Fantasy and Schizophrenia

Robert Schumann, Fantasy in C, op. 17, with works by Brahms and Clara Schumann
Alon Goldstein, piano
Thursday, September 30
Engelman Recital Hall, Baruch College, NYC

Oh, Bobby and Clara.

Practically no composer of the Romantic era, that time period of music history when we are told composers literally wrote their lives into their music, is more subjected to the “autobiography in music” charge than Robert Schumann. His life story is custom made for Hollywood. Allow me to pitch it to the studio exec.:

Young composer falls in love with the teenage piano virtuoso daughter of his piano teacher. As she grows up, his love for her grows stronger and more intimate (illicit sex scene opportunity!), bringing about the censure of her father and their estrangement for years. Composer writes hundreds of songs about their love and dramatic separation, and after a legal battle, is finally able to marry his love. Happily ever after, until he starts hearing voices and notes in his head. Eventually overcome by the voices in his head, he throws himself into the Rhine in an unsuccessful suicide attempt. He is committed to an insane asylum where he eventually dies.

So that’s sort of the story of Robert Schumann. But not exactly. Scholars of the past two decades have been trying desperately to fight against the over-romanticizing that has long plagued this most Romantic of composers. Psychoanalytical biographies have been written, explaining Schumann’s entire life and output as the work of a bipolar schizophrenic, and more has been written to counteract that infinitely sexier myth. However, I prefer to listen to music, enjoy it on its own terms, and if there are leaps of faith to be made in connecting a composer’s turbulent life to his music, I prefer to make those connections on my own.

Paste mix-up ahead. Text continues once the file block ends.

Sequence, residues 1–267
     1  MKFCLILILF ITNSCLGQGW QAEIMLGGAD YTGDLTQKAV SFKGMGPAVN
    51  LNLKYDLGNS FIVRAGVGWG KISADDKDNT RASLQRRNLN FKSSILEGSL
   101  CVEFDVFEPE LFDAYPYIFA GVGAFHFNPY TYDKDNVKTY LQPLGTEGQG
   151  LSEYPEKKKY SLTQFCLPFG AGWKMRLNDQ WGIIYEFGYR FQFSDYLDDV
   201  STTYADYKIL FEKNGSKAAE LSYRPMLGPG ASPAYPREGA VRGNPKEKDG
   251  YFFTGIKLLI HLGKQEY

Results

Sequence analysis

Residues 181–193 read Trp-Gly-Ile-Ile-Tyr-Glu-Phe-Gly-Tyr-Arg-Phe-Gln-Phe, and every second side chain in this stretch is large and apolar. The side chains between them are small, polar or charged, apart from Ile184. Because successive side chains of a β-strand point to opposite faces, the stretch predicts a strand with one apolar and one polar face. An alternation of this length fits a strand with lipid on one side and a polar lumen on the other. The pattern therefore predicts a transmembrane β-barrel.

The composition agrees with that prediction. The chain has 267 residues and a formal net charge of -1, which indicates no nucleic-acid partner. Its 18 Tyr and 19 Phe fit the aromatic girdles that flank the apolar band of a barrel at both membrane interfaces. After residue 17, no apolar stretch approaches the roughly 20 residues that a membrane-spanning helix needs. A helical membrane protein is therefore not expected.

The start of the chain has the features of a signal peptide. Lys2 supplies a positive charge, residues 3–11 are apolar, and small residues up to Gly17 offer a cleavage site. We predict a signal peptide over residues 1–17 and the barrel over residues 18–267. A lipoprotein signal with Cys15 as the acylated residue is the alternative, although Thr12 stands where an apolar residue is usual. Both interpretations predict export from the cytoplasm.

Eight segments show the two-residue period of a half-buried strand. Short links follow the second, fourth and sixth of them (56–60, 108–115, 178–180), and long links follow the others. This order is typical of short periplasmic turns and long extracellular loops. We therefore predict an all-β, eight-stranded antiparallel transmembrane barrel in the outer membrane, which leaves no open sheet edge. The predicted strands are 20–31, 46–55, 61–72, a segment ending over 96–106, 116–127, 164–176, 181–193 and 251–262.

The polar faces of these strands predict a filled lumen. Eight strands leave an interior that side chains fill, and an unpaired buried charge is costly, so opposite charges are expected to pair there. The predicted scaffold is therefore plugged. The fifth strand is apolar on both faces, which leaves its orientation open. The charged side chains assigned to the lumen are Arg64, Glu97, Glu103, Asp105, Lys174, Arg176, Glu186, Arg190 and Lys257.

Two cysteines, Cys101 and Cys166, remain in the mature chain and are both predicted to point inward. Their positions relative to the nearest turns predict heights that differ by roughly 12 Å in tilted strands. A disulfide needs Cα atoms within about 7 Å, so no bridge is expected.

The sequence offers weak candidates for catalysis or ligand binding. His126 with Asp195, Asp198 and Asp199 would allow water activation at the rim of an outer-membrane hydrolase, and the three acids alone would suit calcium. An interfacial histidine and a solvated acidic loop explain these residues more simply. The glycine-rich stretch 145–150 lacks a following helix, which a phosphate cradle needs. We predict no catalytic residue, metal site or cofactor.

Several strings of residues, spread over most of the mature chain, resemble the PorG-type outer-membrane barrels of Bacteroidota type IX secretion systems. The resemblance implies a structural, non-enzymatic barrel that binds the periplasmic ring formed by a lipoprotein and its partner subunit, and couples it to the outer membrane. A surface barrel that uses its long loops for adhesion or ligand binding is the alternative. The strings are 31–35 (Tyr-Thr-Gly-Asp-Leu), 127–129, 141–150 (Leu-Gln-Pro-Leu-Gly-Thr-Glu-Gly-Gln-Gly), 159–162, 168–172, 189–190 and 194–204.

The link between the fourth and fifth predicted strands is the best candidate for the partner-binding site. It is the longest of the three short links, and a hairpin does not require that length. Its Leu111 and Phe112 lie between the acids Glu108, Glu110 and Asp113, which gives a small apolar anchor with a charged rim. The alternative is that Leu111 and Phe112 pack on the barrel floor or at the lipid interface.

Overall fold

Which is why I was both fascinated and a little shocked by Alon Goldstein’s treatment of his solo piano recital centered around Schumann’s magnificent Fantasie, op. 17. This piece is, first and foremost, a gorgeous part of the 19th-century piano repertoire, full of passion, drama, and the extremes of dynamic, expression, and affect that characterizes much of Schumann’s piano music from the 1830s. Schumann’s letters show that the work, and especially the first movement, was all for Clara.

Goldstein chose to structure his recital with the first two movements of this three-movement work at the head of the program, then interjecting two individual scherzi by Brahms and Clara. Finally, the program ended with the final movement of the Fantasy.

I think it was creative of Goldstein to create this arch to his program, clearly wanting to highlight the Fantasy as the centerpiece by starting and finishing with it, but also wanting to intersperse other works into the program. He created a somewhat symphonic grandiosity in his program, beginning with the epic sonata-allegro movement, following with the moderate march, then two fiery and fast scherzo movements, and finally a slow finale. A perfect Romantic era “piano symphony.”